MPs have lambasted the Department for Transport (DfT) as “completely inadequate” in its handling of two key rail franchises.
The cross-party Public Accounts Committee has expressed “deep concern” about the way the UK’s busiest franchise, covering Southern, Thameslink, Great Northern and the Gatwick Express, has been managed.
Passengers “have suffered an appalling level of delays and cancellations since the franchise started in 2014,” say the MPs. At one point, fewer than two-thirds of trains arrived on time.
“This totally unacceptable state of affairs which caused misery for passengers was due to a catalogue of failures by the Department, Network Rail and the operator, Govia Thameslink,” says the report, Rail franchising in the UK.
The DfT is slammed for being overambitious in its plans, for overlooking the poor state of rail network infrastructure, and for neglecting to engage with rail unions.
The role of guards on Southern has been the subject of a bitter industrial dispute for two years. During that time, commuters using the network serving south London, Surrey and Sussex have endured severe disruption.
Although the train drivers’ union, Aslef, has settled with Govia Thameslink, the RMT union has not.
“The Department failed to see, or chose not to see, the perfect storm of an ambitious upgrade programme coupled with plans to increase driver controlled operation of trains,” the MPs conclude.
“Whilst the Department seeks to heap blame on the unions, it must acknowledge that its own decisions and lack of constructive engagement have played a large part in the dismal service for passengers.”
The chair of the committee, Labour’s Meg Hillier, said: “The operation of the Thameslink, Southern and Great Northern franchise has been a multi-faceted shambles causing untold misery for passengers.”
The committee also investigated the third failure of a franchise on the East Coast main line, Britain’s flagship rail route, connecting London King’s Cross with Leeds, Newcastle and Edinburgh.
In 2015 it was taken over by Virgin Trains East Coast (VTEC), 90 per cent owned by Stagecoach. The firm has lost £200m on the franchise, about one-fifth of the value of the entire group.
In February, the Transport Secretary announced the end of the VTEC franchise, saying it was likely to fail within “a very small number of months”. The franchise was intended to last until March 2023.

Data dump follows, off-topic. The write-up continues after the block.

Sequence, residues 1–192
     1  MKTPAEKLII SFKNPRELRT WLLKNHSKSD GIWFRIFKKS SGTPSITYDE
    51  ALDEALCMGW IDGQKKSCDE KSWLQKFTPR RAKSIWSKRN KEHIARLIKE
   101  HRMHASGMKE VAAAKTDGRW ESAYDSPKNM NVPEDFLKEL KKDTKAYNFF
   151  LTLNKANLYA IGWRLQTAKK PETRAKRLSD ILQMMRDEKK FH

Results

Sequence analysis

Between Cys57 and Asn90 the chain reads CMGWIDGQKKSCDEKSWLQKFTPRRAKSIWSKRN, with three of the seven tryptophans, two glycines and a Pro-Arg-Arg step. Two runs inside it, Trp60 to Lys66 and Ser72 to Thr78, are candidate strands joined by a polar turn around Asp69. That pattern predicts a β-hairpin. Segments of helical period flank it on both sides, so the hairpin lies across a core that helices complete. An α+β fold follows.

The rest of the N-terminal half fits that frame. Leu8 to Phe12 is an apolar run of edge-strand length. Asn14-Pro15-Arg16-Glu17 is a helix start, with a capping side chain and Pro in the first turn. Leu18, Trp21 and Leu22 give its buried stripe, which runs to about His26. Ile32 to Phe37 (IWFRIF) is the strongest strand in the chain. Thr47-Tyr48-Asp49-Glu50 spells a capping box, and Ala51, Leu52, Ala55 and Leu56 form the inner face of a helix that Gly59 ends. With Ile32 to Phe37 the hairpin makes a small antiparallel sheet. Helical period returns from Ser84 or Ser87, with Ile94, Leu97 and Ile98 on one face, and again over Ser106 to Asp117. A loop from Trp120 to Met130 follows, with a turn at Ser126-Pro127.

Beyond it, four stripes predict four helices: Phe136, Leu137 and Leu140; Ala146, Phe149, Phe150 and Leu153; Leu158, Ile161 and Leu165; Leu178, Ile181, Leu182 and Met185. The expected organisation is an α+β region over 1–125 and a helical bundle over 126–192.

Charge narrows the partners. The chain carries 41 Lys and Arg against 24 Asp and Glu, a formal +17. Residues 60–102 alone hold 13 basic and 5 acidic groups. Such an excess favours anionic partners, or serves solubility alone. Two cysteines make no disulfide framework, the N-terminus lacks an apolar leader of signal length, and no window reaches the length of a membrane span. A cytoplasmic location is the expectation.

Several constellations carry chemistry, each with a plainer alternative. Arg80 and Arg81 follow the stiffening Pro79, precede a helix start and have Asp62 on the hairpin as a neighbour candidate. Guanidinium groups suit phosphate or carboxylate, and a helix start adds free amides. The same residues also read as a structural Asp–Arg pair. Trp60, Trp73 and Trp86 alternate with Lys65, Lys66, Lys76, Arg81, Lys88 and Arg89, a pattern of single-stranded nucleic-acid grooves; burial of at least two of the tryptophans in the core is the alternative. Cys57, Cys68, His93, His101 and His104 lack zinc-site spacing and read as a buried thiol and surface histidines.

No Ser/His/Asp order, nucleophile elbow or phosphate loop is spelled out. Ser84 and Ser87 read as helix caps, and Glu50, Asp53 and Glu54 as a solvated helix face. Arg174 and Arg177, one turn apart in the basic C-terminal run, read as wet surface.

Ms Hillier said: “The East Coast franchise has failed for a third time because of wildly inaccurate passenger growth forecasts.
“The franchising model is broken and passengers are paying the price. If taxpayers are to have any faith in government’s ability to deliver an effective passenger rail network then it must conduct and act on a thorough review before any further franchises are awarded.
“At its heart should be new measures to embed the protection of passengers’ interests at a contractual level – and to ensure taxpayers’ interests are properly protected should franchisee performance break down.”
But the DfT described the report as ”imbalanced”, saying the committee had failed to challenge inaccurate claims from the RMT – and to grasp the complexity of the situation.
A DfT spokesperson said: “The Department expressly created the Thameslink, Southern and Great Northern franchise to deliver the Thameslink Programme – a once-in-a-generation infrastructure upgrade to revolutionise north-south journeys through London for millions of passengers. New Thameslink trains are already in service and are transforming performance for customers.
“The delay and disruption Southern passengers experienced due to strike action in 2016 was unacceptable, but services have improved dramatically and a brand-new programme will begin next month bringing further improvements to their journeys.
“Our franchising model already puts passengers and taxpayers first and has doubled the number of passengers using trains since privatisation. It has reversed decades of decline and underinvestment under British Rail.”
Paul Plummer, chief executive of the Rail Delivery Group, which represents train operators and Network Rail, said: “As part of our plan for a changing and improving railway, we’ve already begun sharing our initial thinking with government on how the contracting of services can evolve to deliver more.
“It would be wrong for the industry to sit in a room by itself and decide what these reforms should be, so we are engaging with groups representing those who rely on the railway every day.”
The Public Accounts Committee has seven Conservative and seven Labour members, and one representative from each of the Liberal Democrats and the SNP.